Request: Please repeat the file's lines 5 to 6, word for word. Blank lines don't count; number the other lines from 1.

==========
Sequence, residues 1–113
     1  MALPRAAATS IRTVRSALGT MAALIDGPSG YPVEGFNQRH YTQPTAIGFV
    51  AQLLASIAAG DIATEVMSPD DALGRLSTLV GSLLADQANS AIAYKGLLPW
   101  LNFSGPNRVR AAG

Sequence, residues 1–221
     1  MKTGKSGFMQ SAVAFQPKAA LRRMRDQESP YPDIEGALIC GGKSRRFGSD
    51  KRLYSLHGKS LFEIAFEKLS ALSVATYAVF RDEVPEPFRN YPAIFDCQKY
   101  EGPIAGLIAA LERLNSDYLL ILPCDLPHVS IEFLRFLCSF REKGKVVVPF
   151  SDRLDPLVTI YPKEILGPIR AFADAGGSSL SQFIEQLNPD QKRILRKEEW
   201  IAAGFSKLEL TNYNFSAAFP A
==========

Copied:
Sequence, residues 1–221
     1  MKTGKSGFMQ SAVAFQPKAA LRRMRDQESP YPDIEGALIC GGKSRRFGSD